I’ve had a lot of experience with this lens before and have bought and sold it a few times due to it being more of a ‘one-trick-pony’. By that I mean it isn’t so great when stopped down so it’s only really good for shooting wide open to create that ‘dream-like’ effect that has made this lens so famous. I am referring more to the way its bokeh is rendered than actual ‘glow’ as seen from older vintage lenses like the Hexanon 60/1.2 V1.

Due to it’s high field curvature and lack of correction for aberrations, the out of focus areas are very smooth, giving a rounded circular effect, especially noticeable when framing subjects in the center of the frame with a symmetrical background. The focus point isn’t what I’d call sharp, but more so ‘sharp-enough’, and a good step forward from the older and softer Noctilux f/1.2 version.

Focus isn’t as smooth as the Noctilux f/0.95 and the focus throw feels longer in use so I found handling to be a little slow. It’s also quite large and heavy but is also quite modern in the way it draws. It has neutral color balance and has medium contrast wide open, which works well for the way it renders bokeh. Overall, it was a nice improvement from the f/1.2 model it replaced.

Konica Hexanon 60m f/1.2 Original Design


I was super excited to try this lens. I’ve only ever seen two for sale and this is one of them, acquired by Bellamy from Japan Camera Hunter I really wasn’t sure what to expect from this lens except for low contrast because I’ve never seen samples from it before, even on film. What surprised me most was the size of this lens. It’s very small and built very well, as you’d expect from Konica.

Out of all the lenses, this is my favorite, due to it’s unique glow qualities, but with excellent sharpness underneath the glow. Contrast is very low, which makes it fantastic on a camera like the M Monochrom, but not as great on the M9. It takes a bit of adjusting to processing these pictures to a modern state of contrast, especially in color. With the lower contrast comes more shadow detail, which was very welcomed when using this on the M Monochrom.

Konica Hexanon 60m f/1.2 Updated Design


Out of all these lenses, I would have to rate this lens as the most sought after lens in the M line for users wanting a unique lens that delivers outstanding performance. I have also owned this lens before and it has been the best overall standard lens I’ve ever had the pleasure of owning and using. It’s handling is fantastic. While not being a small lens, it fits well in the hand and focuses very smoothly. It’s also noticeably lighter than the Noct f/1 and f/0.95 lenses.

Sharpness and contrast is medium to high and works beautifully with the way it renders out of focus areas. Just for reference, this lens sharpens up considerably at f/1.4. What I like most about this lens is the way it renders the bokeh. It’s smooth, but with a painterly quality of smaller circles that have more edge definition than those of the Noct variety. Compared to the V1, the V2 is a very different lens. It’s more modern design makes it a great all round lens in any situation. I love the way it draws using natural colors, compared to the extra warm Noct 0.95. They just seem to look more natural to my eyes.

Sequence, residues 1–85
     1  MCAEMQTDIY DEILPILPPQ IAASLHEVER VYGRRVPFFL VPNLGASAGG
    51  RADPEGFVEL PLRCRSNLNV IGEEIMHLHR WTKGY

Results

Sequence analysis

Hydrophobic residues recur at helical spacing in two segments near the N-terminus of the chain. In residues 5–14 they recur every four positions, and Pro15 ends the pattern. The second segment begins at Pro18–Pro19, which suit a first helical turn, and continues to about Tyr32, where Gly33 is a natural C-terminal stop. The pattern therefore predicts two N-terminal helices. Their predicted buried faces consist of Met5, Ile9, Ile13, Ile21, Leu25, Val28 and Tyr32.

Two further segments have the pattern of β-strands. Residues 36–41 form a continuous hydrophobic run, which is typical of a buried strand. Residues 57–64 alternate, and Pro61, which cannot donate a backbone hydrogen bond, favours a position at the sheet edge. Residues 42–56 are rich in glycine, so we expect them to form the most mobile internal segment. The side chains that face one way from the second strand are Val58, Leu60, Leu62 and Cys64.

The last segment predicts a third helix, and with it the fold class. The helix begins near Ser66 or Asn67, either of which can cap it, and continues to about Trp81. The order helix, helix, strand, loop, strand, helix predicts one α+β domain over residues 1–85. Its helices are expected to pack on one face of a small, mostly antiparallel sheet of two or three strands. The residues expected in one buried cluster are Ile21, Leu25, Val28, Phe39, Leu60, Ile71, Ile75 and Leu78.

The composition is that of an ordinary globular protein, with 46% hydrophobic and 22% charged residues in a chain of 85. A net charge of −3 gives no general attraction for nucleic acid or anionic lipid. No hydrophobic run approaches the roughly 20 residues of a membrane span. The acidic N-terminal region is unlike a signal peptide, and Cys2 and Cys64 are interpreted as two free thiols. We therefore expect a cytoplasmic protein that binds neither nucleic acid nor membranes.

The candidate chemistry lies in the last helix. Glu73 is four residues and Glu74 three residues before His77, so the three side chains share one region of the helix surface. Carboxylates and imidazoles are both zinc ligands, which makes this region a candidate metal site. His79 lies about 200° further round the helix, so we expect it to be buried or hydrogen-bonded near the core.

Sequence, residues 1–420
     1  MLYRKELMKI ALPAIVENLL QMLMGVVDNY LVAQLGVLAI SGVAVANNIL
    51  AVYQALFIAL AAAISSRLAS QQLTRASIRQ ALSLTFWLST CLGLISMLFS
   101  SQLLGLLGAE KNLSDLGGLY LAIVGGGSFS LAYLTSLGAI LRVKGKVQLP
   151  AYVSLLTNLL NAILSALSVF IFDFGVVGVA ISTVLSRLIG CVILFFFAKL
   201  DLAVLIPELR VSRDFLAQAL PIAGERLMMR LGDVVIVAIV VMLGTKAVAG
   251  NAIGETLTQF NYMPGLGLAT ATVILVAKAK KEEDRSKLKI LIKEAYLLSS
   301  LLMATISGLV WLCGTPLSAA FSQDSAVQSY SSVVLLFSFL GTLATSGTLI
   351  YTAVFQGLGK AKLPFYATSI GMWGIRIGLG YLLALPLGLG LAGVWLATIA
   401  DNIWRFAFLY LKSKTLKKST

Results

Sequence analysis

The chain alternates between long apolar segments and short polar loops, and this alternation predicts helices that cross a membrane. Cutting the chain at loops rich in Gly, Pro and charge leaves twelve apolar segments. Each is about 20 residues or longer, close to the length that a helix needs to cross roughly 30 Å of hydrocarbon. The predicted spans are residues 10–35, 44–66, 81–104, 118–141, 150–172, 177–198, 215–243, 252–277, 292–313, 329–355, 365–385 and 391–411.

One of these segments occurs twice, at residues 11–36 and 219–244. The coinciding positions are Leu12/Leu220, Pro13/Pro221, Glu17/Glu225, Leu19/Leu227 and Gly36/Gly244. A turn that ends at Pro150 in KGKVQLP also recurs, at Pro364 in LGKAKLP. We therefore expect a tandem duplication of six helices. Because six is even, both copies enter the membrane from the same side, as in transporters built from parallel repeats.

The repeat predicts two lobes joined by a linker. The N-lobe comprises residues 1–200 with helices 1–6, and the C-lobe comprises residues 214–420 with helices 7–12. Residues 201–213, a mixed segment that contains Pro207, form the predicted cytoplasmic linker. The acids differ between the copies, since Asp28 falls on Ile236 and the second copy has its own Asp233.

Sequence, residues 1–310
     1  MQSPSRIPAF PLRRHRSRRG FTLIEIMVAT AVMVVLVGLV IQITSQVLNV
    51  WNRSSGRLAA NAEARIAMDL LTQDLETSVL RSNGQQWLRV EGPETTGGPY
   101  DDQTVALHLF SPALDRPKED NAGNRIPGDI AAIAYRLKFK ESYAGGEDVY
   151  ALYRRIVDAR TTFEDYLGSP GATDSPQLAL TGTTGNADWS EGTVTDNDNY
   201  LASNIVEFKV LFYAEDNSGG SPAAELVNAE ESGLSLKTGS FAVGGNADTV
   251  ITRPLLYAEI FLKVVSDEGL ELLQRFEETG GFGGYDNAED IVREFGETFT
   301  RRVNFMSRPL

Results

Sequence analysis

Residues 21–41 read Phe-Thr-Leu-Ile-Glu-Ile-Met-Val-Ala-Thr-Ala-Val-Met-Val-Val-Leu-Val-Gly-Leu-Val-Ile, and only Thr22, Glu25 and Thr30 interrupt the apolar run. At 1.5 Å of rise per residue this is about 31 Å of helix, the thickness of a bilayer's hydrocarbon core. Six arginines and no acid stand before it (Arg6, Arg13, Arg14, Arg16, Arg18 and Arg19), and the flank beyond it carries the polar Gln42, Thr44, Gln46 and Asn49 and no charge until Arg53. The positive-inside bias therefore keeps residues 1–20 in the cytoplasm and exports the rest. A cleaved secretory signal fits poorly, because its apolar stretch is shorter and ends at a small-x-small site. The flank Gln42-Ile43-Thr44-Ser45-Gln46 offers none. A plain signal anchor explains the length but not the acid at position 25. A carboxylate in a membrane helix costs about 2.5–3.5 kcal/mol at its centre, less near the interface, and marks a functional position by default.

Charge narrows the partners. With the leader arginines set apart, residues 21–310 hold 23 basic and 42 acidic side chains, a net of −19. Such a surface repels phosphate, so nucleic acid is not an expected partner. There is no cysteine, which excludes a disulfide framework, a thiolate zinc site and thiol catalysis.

Hexanon 60/1.2 V1 vs V2





ALL compared

60 V1


60 V2


Leica 50 f/0.95


50 f/1


50 f/1.2


100% Crop Comparison



Leica Monochrome Comparison of ALL

I was fortunate to be able to shoot some of the Padaung Long Long Neck Karen people as they were visiting the Manadarin Oriental Dhara Dhevi hotel for the New Years celebrations. They have never left their village before and it was such a privilege to meet and photography them.


Noctilux 50 0.95


Noctilux 50 f/1


Noctilux 50 f/1.2


Hexanon 60 1.2 V1


Hexanon 60 1.2 V2



Conclusion and thoughts about the lenses and applications

Let me be blunt. It is impossible to pic a winner in this clash of the titans. While there is no doubt that the Noctilux 0.95 is the Zeus of this bunch, there is so much more to a lens than just technical perfection. The Hexanon lenses pack a punch that’s well above their weight grade, albeit in different ways, and the Noct f/1 and f/1.2 are truly unique lenses that have their own strengths and abilities that will be very compelling to photographers.

The best way to summarize the their rankings is with the table below.


In application, these lenses are very difficult to focus, especially for newcomers to rangefinders. With such shallow depth of field, the plane of focus is so narrow that recomposing can cause major issues for maintaining focus until the point of exposure. I would advise that photographers use the focus bracketing technique where you take 3-5 exposures, each at a slightly different focus distance. This can be achieved by either shifting focus ever so slightly in front and behind the focus point, or shifting the camera forwards and backwards, again, every so slightly.